SAN FRANCISCO (Legal Newsline) - Plaintiff lawyers meeting in San Francisco last week for a conference on opioid litigation acknowledged that the hundreds of lawsuits they have filed in state and federal court will be difficult to resolve without an unprecedented national settlement whose mechanics are still difficult to predict.
'Pharmacy deserts' not helped by Chicago city regulations, lack of social responsibility from chains
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As class action litigation continues to grow across the U.S. against the pharmaceutical companies that made opioid prescription painkillers, the city of Chicago has also set its sights in court on three companies it blames for distributing the addictive pills here, saying the companies should be made to pay for allegedly not monitoring the flow of the drugs or halting the suspicious activity at pharmacies and elsewhere that allegedly “fueled” the black market for the drugs.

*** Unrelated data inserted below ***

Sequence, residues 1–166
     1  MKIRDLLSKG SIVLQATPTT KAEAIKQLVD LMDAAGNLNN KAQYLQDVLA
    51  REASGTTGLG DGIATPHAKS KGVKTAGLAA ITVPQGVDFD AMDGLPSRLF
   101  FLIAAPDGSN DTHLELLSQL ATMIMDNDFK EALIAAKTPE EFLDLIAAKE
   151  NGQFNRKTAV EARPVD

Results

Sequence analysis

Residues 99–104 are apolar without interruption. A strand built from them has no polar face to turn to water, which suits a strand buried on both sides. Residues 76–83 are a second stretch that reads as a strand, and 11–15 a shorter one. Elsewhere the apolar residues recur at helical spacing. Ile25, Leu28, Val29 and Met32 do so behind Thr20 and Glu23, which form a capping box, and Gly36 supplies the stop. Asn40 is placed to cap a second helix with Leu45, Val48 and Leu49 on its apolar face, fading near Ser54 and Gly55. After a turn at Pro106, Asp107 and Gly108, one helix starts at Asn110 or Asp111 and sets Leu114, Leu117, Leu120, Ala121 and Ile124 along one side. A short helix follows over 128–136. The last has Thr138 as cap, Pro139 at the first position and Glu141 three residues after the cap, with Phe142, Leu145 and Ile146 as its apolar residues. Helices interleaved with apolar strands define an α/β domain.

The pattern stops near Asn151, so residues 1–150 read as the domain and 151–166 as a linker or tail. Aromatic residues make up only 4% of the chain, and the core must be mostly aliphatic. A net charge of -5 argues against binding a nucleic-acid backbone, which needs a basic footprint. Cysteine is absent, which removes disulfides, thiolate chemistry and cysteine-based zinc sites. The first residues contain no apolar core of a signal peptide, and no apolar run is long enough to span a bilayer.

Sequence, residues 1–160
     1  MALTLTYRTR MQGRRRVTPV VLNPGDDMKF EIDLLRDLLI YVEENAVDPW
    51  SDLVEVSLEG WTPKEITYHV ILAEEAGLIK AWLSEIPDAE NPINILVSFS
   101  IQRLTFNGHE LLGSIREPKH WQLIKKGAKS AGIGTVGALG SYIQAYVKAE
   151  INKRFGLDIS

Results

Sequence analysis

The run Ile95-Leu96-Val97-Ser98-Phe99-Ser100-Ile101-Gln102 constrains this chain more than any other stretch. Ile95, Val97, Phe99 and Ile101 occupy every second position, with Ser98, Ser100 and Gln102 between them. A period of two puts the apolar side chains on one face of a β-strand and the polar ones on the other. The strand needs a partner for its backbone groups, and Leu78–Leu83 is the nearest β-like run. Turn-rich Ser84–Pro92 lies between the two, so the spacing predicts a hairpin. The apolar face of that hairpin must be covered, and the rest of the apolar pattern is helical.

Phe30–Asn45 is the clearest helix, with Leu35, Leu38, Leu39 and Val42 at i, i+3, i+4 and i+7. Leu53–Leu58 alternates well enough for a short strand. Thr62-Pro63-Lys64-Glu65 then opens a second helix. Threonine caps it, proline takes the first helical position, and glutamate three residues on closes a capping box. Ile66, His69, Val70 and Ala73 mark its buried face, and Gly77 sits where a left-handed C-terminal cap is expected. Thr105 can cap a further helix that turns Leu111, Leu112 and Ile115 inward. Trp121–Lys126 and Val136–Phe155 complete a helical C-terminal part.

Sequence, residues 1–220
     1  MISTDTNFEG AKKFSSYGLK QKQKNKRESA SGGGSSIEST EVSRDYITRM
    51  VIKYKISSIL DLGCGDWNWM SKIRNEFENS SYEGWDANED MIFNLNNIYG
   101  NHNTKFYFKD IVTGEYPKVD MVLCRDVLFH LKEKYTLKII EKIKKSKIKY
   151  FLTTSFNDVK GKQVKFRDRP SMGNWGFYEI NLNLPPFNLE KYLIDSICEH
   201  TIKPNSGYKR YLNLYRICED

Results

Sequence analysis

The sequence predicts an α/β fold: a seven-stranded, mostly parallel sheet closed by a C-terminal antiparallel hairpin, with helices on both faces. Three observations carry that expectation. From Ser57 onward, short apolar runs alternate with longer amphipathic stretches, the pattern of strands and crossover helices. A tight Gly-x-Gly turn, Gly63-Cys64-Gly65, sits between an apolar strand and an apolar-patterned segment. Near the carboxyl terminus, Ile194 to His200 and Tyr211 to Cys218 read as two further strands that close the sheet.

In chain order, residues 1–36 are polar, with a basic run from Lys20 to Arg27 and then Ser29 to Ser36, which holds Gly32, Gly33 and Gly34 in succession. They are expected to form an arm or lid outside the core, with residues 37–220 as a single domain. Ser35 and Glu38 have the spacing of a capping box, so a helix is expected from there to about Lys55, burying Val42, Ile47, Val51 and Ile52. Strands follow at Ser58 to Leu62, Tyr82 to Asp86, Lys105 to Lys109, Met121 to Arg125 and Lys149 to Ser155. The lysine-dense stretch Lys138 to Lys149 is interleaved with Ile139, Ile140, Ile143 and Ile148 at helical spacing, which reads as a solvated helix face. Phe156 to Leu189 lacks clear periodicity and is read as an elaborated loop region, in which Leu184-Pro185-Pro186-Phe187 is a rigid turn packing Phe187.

Judge: Pensioners fired from adjunct faculty posts not protected by age discrimination law, pensions clause
A Chicago federal judge has given a failing grade to an attempt by a group of former adjunct faculty who sued the suburban community college who fired them rather than pay a state penalty for employing retirees drawing pensions from the state’s university pension fund, with the judge ruling neither federal age discrimination laws nor the Illinois state constitution’s pensions protection clause gives the instructors a legal claim.